Sherlock Holmes inspires Stortford Scribblers member's first foray into fiction
A Sherlock Holmes devotee has written his debut novel in the style of Arthur Conan Doyle.
Neville Twitchell, who was born in Bishop's Stortford, adopted the pen name Simon Trelawney for his first foray into fiction.
The 68-year-old began writing Sherlock Holmes and the Ciphered List during the Covid-19 lockdown.
However, he said: "I've always been writing it since my schooldays, but only recently have I taken it up more seriously with a view to publication or to reach a wider audience."
His previous books were scholarly tomes. He attended Latton Green primary and Latton Bush comprehensive schools in Harlow before clocking up degrees in psychology in 1976 and history in 1991. An MA in 20th-century history followed in 1996 with a PhD in politics in 2010.
Neville has written two non-fiction books about politics, The Tribune Group: Factional Conflict in the Labour Party 1964-1970 and The Politics of the Rope: The Campaign to Abolish Capital Punishment in Britain 1955-1969, based on his PhD thesis.
Sir Arthur Conan Doyle wrote 60 Sherlock Holmes stories, so why did Neville feel the need to add another?
He said: "I'm a great devotee of the Sherlock Holmes canon, which I've been reading on and off since I was a boy, and because, like many people, I felt I could write a good Holmes story myself. I had several ideas for plot lines and took a lot of the characters, tropes and themes from the existing stories.
"I started it during the lockdown in or around May 2020 and submitted the finalised version to my publisher in December 2021, so [it took] about 18 months.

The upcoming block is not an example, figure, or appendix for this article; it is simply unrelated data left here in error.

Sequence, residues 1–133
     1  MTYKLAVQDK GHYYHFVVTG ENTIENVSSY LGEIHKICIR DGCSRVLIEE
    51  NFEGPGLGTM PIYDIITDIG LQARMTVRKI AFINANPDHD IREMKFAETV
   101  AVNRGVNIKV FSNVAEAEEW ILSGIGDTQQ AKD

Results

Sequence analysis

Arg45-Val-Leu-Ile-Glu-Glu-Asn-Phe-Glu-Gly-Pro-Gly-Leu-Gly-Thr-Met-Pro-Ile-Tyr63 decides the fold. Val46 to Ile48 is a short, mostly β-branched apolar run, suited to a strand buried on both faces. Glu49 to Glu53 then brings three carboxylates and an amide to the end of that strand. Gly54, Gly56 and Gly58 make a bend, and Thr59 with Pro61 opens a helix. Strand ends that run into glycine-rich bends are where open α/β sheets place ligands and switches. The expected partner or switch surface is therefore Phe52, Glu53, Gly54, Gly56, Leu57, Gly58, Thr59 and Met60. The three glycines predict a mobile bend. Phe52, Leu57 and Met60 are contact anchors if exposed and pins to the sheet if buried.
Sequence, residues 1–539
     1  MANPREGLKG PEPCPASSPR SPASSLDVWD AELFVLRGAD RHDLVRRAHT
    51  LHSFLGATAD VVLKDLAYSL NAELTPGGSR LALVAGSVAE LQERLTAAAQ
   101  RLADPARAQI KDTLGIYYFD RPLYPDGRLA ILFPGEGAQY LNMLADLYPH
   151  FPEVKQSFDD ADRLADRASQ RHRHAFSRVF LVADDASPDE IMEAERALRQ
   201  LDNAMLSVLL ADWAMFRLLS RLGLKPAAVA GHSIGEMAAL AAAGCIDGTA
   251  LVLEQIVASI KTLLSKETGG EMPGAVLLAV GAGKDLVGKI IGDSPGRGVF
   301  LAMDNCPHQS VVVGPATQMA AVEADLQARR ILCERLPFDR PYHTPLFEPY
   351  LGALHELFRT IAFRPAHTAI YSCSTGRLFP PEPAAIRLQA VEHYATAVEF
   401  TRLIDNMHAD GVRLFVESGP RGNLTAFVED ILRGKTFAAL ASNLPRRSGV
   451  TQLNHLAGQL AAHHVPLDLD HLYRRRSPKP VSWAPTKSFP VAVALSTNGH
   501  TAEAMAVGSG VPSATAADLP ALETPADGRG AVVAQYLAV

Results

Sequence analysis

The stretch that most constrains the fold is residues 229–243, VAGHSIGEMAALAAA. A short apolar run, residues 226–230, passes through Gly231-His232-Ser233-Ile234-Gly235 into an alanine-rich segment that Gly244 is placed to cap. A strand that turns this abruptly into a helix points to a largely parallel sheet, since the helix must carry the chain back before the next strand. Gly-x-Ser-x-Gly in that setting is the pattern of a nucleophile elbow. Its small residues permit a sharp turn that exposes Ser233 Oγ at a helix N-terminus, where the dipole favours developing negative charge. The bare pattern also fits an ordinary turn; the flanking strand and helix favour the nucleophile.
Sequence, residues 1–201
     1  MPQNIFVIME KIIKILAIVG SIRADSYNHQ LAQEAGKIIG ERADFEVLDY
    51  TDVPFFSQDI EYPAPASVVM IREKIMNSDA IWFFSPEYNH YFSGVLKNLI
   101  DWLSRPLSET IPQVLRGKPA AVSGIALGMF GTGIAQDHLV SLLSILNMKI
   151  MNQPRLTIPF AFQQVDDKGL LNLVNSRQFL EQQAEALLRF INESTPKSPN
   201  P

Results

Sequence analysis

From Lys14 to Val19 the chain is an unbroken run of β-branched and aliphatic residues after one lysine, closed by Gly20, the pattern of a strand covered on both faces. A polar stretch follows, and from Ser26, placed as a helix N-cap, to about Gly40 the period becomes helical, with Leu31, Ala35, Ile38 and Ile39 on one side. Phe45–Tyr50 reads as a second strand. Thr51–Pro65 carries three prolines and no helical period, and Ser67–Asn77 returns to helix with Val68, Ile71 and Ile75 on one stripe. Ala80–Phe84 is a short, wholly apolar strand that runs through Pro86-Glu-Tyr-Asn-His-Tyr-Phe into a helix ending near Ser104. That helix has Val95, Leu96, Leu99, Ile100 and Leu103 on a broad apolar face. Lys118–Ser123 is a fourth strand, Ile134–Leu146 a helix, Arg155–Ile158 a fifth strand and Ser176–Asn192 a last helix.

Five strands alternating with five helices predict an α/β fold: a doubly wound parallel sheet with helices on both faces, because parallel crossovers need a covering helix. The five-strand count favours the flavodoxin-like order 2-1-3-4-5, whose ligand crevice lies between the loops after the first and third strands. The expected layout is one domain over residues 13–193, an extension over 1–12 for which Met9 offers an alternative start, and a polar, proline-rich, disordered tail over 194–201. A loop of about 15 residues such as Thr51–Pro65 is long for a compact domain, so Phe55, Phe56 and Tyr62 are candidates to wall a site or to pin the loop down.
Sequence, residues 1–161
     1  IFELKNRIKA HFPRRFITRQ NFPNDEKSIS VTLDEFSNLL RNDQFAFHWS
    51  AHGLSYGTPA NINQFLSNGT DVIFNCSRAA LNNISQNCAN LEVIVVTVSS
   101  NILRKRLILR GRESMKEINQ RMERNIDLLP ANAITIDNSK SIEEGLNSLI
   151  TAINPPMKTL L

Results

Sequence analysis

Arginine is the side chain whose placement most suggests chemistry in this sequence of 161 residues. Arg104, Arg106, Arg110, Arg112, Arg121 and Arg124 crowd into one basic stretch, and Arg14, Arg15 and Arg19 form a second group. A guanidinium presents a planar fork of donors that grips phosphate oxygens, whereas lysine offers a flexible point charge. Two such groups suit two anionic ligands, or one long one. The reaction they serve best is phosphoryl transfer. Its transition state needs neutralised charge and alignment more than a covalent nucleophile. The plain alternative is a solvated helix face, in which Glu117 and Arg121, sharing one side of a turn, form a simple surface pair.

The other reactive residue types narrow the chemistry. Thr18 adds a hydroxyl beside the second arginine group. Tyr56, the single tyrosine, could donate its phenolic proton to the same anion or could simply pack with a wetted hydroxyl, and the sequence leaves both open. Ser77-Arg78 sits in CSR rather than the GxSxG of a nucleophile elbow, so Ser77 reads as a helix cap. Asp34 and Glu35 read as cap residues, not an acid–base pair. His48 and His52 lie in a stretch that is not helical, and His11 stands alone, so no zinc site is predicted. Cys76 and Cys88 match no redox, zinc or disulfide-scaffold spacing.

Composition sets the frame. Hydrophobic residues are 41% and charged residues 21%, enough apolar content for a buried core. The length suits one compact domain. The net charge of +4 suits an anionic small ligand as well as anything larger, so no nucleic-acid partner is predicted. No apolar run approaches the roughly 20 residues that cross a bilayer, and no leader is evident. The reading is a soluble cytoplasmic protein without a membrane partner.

"I did some research on various aspects of late Victorian society and politics, but I was inspired by my love of the Holmesian canon, which I've read many times over the years."
As well as historical accuracy, he tried to emulate Conan Doyle's writing style for the novel.
"It is, after all, a pastiche, which implies some attempt to emulate the style of the originator, not merely borrowing his characters," he said.
"But though I've striven to maintain the high Victorian prose style of Conan Doyle, I have at the same time taken one or two slight liberties in that the novel is somewhat more explicit about sexual matters than Conan Doyle would ever have been - or been permitted to be."
Neville's other passion is chess. He is a member of Bishop's Stortford's club and said there were parallels in writing a mystery and the game in that "I have no idea how it will end until I actually get there".
He is writing another novel, provisionally entitled Board Stiff: Murder at the Chess Club.
"I've written about 75,000 words so it's probably about three-quarters complete.
"I write a lot of other stuff: comedy sketches, short stories, verse, essays on current affairs, travel, literary trends, chess, life in general etc."
He joined the Stortford Scribblers writing group last September after his novel was published and also enjoys rock and 1960s music, films and cycling.
He added: "I'm currently learning the guitar. I spend a lot of time with my cats, Samantha and Tabitha."
* Sherlock Holmes and the Ciphered List by Simon Trelawney is published by Breese Books and is available in paperback from Amazon and on Kindle.